Herbal products are most often responsible for DILI  in Asian countries.


Medications associated with cholestatic DILI include,  antibiotics (amoxicillin-clavulanate, macrolides, trimethoprim/sulfamethoxazole), antifungals, anabolic steroids, antineoplastic agents, oral contraceptives, and psychotropic drugs such as chlorpromazine.


Management of DILI relies on discontinuation of the offending medication. 


The majority of patients with DILI will experience complete recovery.


Jaundice may take months to resolve after cholestatic DILI. 


In acute liver failure due to nonacetaminophen drug-induced liver injury, N-acetylcysteine administration may improve transplant-free survival.


Cholestatic injury has a better prognosis than hepatocellular DILI, but it is more likely to persist and lead to chronic injury (31% vs 13%).


Cholestasis is a common with sepsis and may occur in up to 40% of critically ill patients.


Jaundice with critical illness is often multifactorial: hemolysis, disseminated intravascular coagulation, heart failure, renal insufficiency, and drug toxicity.


The degree of jaundice is correlated with increased mortality in critically ill patients.

Sepsis Induced  impaired  bile flow in the is the primary driver of cholestasis. 


Inflammatory mediators, including  lipopolysaccharide, impair the gene expression and activity of proteins.


These proteins transport bile salts into hepatocytes and subsequently excrete them into bile canaliculi.


Endotoxins impair clearance of both conjugated and unconjugated bilirubin.


Hemolysis during sepsis may propagate cholestasis by overwhelming the liver’s ability to uptake and secrete bilirubin.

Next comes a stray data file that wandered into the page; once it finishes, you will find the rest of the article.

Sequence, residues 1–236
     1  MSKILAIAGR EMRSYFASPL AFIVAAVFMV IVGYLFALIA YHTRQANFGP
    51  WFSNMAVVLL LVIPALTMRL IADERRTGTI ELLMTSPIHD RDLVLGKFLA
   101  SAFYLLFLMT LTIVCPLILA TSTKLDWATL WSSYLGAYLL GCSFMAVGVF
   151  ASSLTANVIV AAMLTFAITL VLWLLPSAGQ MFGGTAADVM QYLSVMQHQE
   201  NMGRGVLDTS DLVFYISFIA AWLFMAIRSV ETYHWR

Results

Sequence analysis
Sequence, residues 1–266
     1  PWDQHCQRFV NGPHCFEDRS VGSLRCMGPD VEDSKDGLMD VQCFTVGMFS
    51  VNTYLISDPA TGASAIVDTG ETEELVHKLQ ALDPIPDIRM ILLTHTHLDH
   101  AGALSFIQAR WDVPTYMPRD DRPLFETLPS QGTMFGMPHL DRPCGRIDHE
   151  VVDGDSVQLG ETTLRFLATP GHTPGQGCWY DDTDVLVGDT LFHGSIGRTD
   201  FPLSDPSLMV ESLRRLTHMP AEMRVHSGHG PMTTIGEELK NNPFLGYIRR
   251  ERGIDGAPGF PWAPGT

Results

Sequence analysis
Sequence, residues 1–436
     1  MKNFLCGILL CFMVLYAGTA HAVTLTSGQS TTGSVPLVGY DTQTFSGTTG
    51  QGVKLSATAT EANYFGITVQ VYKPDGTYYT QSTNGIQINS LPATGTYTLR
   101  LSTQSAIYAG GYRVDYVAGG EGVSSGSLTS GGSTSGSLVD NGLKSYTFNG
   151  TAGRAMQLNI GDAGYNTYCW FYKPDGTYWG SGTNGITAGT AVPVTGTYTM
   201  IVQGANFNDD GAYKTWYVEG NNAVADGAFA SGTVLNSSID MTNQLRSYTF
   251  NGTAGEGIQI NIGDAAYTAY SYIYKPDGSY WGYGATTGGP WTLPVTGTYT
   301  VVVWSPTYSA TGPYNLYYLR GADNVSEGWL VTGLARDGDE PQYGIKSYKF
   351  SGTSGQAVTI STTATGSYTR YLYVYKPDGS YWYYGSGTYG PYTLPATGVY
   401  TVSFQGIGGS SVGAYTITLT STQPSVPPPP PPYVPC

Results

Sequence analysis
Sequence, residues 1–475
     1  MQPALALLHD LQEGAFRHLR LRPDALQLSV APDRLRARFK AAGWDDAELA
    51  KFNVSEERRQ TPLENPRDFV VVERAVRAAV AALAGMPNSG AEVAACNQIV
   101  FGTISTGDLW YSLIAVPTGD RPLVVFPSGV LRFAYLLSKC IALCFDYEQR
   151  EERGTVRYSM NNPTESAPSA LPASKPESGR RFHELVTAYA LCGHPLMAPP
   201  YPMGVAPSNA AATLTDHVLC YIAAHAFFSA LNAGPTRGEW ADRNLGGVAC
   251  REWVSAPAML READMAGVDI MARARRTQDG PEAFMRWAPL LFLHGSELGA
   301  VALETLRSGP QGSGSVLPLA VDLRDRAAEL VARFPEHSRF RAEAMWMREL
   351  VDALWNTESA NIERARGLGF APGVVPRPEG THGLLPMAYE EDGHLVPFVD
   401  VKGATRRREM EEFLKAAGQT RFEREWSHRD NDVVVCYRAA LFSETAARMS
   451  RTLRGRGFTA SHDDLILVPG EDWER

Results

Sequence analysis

Sepsis-induced cholestasis is associated with bilirubin levels typically range from 2 to 10 mg/dL. 


Serum alkaline phosphatase rarely exceeds 2 to 3 times the upper limit of normal and is accompanied by modest elevations in serum aminotransferases. 


Differential diagnosis for cholestasis secondary to sepsis includes: biliary obstruction and drug induced liver injury.


Treatment of cholestasis secondary to sepsis is appropriate antibiotic therapy.


Intrahepatic cholestasis of pregnancy (ICP) is characterized by pruritus, elevated serum aminotransferase levels, and increased total serum bile acids, which presents in the late second or third trimester of pregnancy. 


Intrahepatic cholestasis of pregnancy usually resolve following delivery, but may recur with subsequent pregnancies.


Intrahepatic cholestasis of pregnancy 

incidence has significant geographic variation: from <1% in Australia, Canada, and parts of Europe, to 27.6% in parts of Chile.


Intrahepatic cholestasis of pregnancy 

likely reflects a combination of genetic, environmental, and hormonal factors. 


Women with underlying chronic liver disease, such as hepatitis C and nonalcoholic fatty liver disease, may be at increased risk for intrahepatic cholestasis.


Intrahepatic cholestasis of pregnancy 

manifests with pruritus of the palms and soles, which may progress to a generalized process.


With Intrahepatic cholestasis of pregnancy  abdominal discomfort, jaundice, and steatorrhea can occasionally develop. 


The elevation in the serum bile acids constitutes the most sensitive and specific diagnostic indicator for Intrahepatic cholestasis of pregnancy .


In Intrahepatic cholestasis of pregnancy maternal bile acids cross the placenta, and accumulate in the fetus and amniotic fluid.


The impaired normal transplacental gradient of bile acids increases risk of  preterm delivery, stillbirth, meconium staining of amniotic fluid, and neonatal respiratory distress syndrome.


Neonatal risks correlates with increasing maternal serum bile acid levels, particularly when they exceed 40 micromol/L. 


Intrahepatic cholestasis of pregnancy 

does not appear to have long-term impact on maternal morbidity and mortality.


Ursodeoxycholic acid (UDCA) 10 to 15 mg/kg per day is the primary treatment for Intrahepatic cholestasis of pregnancy .


Ursodeoxycholic acid improves pruritus and liver biochemistries, but  no improvement in perinatal outcomes.